The most misunderstood shower accessory of all time: the loofah!
It does not come from the sea. It is not an animal. Luffa is a genus of tropical and subtropical vines are part of the same family as cucumbers, squash, pumpkins and other gourds. It grows in tropical climates or other places that have at least a 110-day long warm season.
Before it becomes a sponge, Loofah is a seed!
The young fruit is edible, although probably not particularly tasty and used primarily in Asian dishes. There are several species, including the ‘Luffa aegyptiaca’, ‘Luffa cylindrica’ – native to India – the ‘Luffa acutangula’ -known as the angled or ridged luffa- and the ‘Luffa operculata’- the Wild loofa or sponge cucumber.
Disinfect your natural Loofah at least once a week. It can be microwaved for 20 seconds or soaked in a 1:9 bleach-to-water solution for 1 minute to ensure total decontamination of the sponge. DO NOT put your acrylic sponge or bath scrubber in the microwave. It will melt! However, those can be safely soaked in the bleach solution recommended here.
In fact, all exfoliative sponges and devices – synthetic sponges, natural sponges, pumice stones – need to have regular bleach treatment to reduce the possibility of transmitting bacteria to the skin.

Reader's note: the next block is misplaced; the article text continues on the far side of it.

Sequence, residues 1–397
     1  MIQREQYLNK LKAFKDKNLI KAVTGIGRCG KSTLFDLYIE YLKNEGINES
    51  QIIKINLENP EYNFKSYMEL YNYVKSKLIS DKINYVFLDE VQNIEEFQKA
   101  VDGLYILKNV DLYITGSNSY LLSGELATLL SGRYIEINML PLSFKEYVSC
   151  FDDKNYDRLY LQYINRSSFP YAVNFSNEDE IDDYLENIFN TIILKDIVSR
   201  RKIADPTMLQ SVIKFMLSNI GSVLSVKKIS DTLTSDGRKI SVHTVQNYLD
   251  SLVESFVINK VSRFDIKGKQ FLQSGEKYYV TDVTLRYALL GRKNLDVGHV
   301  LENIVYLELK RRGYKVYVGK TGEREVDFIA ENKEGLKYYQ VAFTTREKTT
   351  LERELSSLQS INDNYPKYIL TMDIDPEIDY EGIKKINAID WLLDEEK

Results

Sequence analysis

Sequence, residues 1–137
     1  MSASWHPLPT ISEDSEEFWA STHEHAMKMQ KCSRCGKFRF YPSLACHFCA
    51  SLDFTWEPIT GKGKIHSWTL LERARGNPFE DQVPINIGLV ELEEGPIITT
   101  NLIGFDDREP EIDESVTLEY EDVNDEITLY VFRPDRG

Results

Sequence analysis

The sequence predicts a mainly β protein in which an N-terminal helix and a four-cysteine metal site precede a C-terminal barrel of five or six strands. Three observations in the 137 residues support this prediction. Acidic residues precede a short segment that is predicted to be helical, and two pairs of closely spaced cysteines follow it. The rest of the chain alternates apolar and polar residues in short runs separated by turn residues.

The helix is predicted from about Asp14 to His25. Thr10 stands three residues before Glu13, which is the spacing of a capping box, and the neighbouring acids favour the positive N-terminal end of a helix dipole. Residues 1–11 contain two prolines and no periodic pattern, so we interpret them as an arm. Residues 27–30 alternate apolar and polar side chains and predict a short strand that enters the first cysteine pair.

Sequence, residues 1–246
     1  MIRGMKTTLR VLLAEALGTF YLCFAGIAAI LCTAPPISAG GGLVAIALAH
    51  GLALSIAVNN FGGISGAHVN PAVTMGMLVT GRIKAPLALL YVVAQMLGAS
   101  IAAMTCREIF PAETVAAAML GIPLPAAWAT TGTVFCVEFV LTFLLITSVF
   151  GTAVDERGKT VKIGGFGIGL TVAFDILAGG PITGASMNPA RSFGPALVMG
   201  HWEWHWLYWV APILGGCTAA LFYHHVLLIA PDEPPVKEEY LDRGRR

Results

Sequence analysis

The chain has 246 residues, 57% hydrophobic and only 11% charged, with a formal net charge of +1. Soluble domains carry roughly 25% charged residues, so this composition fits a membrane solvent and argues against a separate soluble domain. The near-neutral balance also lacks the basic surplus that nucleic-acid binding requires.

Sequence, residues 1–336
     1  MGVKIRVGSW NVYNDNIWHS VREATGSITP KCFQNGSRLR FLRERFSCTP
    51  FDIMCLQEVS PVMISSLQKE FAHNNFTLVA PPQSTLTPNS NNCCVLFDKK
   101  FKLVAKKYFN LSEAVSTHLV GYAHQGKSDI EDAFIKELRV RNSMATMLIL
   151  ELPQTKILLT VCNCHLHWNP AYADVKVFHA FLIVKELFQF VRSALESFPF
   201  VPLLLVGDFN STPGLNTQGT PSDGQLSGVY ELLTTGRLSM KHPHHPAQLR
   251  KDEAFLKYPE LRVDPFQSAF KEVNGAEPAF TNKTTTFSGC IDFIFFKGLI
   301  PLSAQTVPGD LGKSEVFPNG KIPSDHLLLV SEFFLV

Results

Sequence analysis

In between disinfecting sessions, be sure to let your loofah thoroughly dry between uses. Take the loofah out of that moist environment. Remove it from the shower area so that enough airflow can circulate around it to completely dry it out between uses. Leave a window open for more airflow. If you want to be extra cautious, soap up the loofah and rinse it out on its own once you have finished with it and then hang it to dry.
Replace it as soon as it changes colour or begins to smell. I’d recommend getting a new loofah at least once every three months if you are following a disinfection routine for the sponge. Otherwise, you may need to replace it more often.
A Loofah sponge ready for use.
During the 1970s I began making and selling jewellry, a passion I shared with my mum, through local businesses. Together, we made hundreds of pieces of everyday accessories to wedding accessories. From 1980 to 1993 I was an integral part of the team of successful small business entrepreneurs behind Boaz Junction, a local women's wear store here in St. Catharines, Ontario.